# Argument Of Transfer Function - What does arg(T(w)) mean in real life

• thomas49th
In summary, the problem is asking you to find the frequency at which the phase of the transfer function is -45 degrees.

#### thomas49th

Hi, I have a question something along the lines of

Here is a low pass filter, when the resistor = R and the capacitor = C. There is a sinusoidal voltage input source (V1) and a voltage across the capacitor (V2). The transfer function is T(w) = V2/V1.
Determine the |T(w)| and arg(T(w)) where T(w) is the transfer function. Calculate the magnitude of T(w) when V2 lags V1 by 45°

OKAY! So w = 2*pi*f.

T(w) = $$\frac{1-jRwC} {-(RWC)^2 - 1}$$

|T(w)| = $$\frac{\sqrt{1+(RwC)^2}}{(RWC)^2 - 1}$$

so am I right in thinking arg(T(w)) is tan(x) = -RwC?

BUT how on Earth do I determine the magnitude when V2 lags V1 by 45°. I thought the capacitor only lags current. I'm confused

Thanks

thomas49th said:
Hi, I have a question something along the lines of

Here is a low pass filter, when the resistor = R and the capacitor = C. There is a sinusoidal voltage input source (V1) and a voltage across the capacitor (V2). The transfer function is T(w) = V2/V1.
Determine the |T(w)| and arg(T(w)) where T(w) is the transfer function. Calculate the magnitude of T(w) when V2 lags V1 by 45°

OKAY! So w = 2*pi*f.

T(w) = $$\frac{1-jRwC} {-(RWC)^2 - 1}$$

|T(w)| = $$\frac{\sqrt{1+(RwC)^2}}{(RWC)^2 - 1}$$

so am I right in thinking arg(T(w)) is tan(x) = -RwC?
Yes, that's right.
BUT how on Earth do I determine the magnitude when V2 lags V1 by 45°. I thought the capacitor only lags current. I'm confused.
V1(jω), V2(jω), and T(jω) are all complex quantities, so you can write each in polar form, i.e., re. How are the phases of these three complex quantities related?

$$r = \sqrt{1+(RwC)^2}$$
ϕ = arctan(-RwC)

V2/V1 = T is that what you were suggesting? so can you say that something like T(jw) = V1(jw)/V2(j(w-pi/2))?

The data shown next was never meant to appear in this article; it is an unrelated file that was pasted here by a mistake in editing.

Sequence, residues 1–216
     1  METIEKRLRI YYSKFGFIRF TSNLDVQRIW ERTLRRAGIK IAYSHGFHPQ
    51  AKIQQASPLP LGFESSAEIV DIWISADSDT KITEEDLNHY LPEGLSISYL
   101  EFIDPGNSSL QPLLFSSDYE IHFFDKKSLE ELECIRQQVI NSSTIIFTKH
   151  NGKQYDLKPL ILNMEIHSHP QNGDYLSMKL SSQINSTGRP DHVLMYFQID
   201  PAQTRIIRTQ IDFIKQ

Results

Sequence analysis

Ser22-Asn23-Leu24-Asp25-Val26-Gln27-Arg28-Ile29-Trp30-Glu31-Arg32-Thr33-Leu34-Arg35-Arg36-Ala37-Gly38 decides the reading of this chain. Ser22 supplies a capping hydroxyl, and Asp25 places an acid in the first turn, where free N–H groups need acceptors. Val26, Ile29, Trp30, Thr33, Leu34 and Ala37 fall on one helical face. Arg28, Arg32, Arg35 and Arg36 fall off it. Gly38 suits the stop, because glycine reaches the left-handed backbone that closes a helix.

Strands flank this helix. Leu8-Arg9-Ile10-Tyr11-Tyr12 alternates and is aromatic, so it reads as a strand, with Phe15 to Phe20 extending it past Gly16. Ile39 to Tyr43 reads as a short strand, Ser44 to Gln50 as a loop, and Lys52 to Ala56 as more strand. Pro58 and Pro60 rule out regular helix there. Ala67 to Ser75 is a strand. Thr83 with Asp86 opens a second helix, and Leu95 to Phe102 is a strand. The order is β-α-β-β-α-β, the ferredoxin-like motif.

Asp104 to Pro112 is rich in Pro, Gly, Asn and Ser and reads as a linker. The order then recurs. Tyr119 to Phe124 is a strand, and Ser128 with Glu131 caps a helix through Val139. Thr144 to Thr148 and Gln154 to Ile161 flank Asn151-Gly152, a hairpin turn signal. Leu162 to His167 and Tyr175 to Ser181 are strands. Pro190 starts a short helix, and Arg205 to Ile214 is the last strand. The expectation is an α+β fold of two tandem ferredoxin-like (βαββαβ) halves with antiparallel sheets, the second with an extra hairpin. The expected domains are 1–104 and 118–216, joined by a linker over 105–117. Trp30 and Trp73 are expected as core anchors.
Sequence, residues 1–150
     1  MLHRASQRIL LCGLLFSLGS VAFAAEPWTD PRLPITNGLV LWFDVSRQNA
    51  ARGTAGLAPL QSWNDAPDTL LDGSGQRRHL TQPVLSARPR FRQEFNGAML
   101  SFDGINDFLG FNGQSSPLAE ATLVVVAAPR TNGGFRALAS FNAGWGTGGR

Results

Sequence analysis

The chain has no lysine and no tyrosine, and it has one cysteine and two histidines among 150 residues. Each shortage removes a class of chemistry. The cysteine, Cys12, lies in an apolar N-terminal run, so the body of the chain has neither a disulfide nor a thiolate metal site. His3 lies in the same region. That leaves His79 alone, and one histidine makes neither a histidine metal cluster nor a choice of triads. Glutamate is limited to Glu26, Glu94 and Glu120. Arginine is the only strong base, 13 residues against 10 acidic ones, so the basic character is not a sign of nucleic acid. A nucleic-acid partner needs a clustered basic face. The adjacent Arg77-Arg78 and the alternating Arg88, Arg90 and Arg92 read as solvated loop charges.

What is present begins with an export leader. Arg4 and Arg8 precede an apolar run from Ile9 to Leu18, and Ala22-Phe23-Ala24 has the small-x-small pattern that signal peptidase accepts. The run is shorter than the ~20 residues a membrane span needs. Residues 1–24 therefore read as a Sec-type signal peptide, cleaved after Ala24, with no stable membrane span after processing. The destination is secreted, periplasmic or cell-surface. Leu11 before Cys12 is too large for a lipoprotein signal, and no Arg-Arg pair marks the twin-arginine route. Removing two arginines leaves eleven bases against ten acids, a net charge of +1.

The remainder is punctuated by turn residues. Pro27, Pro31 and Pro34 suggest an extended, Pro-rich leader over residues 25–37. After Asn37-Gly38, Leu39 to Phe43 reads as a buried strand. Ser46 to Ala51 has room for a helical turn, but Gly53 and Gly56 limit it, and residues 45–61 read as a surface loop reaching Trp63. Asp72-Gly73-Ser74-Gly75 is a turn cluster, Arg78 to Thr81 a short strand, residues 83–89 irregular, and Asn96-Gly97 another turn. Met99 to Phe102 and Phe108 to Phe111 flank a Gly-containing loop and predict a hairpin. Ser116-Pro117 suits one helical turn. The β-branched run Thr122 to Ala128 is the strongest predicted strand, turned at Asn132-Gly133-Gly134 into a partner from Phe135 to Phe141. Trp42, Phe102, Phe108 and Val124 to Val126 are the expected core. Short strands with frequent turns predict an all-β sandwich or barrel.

P.S How did you get to use super and sub script without LaTex?

EDIT: Is any of this useful
V1 = cos(w) + jsin(w)
V1 = e^(jϕ)
V2 = V1/(100jwC + 1)

or am I just spouting obvious facts?

Is there like some magical property such that the phases add up to 90°?

I thought about adding phasers together but If you wanted me to do that you wouldn't of suggested converting into polar notation as that is useful for multiplication and division?

Why have you written j's in front of the w's? Are you talking about the complex part only?

Thanks
Thomas

Last edited:
To get subscripts and superscript, go into advanced mode when posting, and you'll see options above the input area.

I'm not sure how far along you're into this network analysis stuff, but the transfer function is usually written as a function of s, that is, H(s) = Vo(s)/Vi(s). You talk about the s domain and the time domain, blah blah blah. When you're looking at a pure sine wave of frequency ω, that corresponds to the case when s=jω, so you often see quantities written as function of jω. It's just a convention. Maybe your class does it differently. (I'm going to use s instead of jω because it's easier to type. Just replace s with jω or simply ω everywhere you see it.)

What linear systems do is: 1) change the amplitude of a signal, and 2) change the phase of a signal. The factor by which the amplitude changes is called the gain. It corresponds to the magnitude of the transfer function. The shift in phase of the signal, as you can probably guess, is equal to the phase of the transfer function. Hopefully you can see this from the relationship Vo(s) = H(s) Vi(s), but I'll leave it to you to convince yourself that the statements are true.

So what the problem is asking you to find is the frequency at which the phase of the transfer function is -45 degrees and then to find the corresponding gain.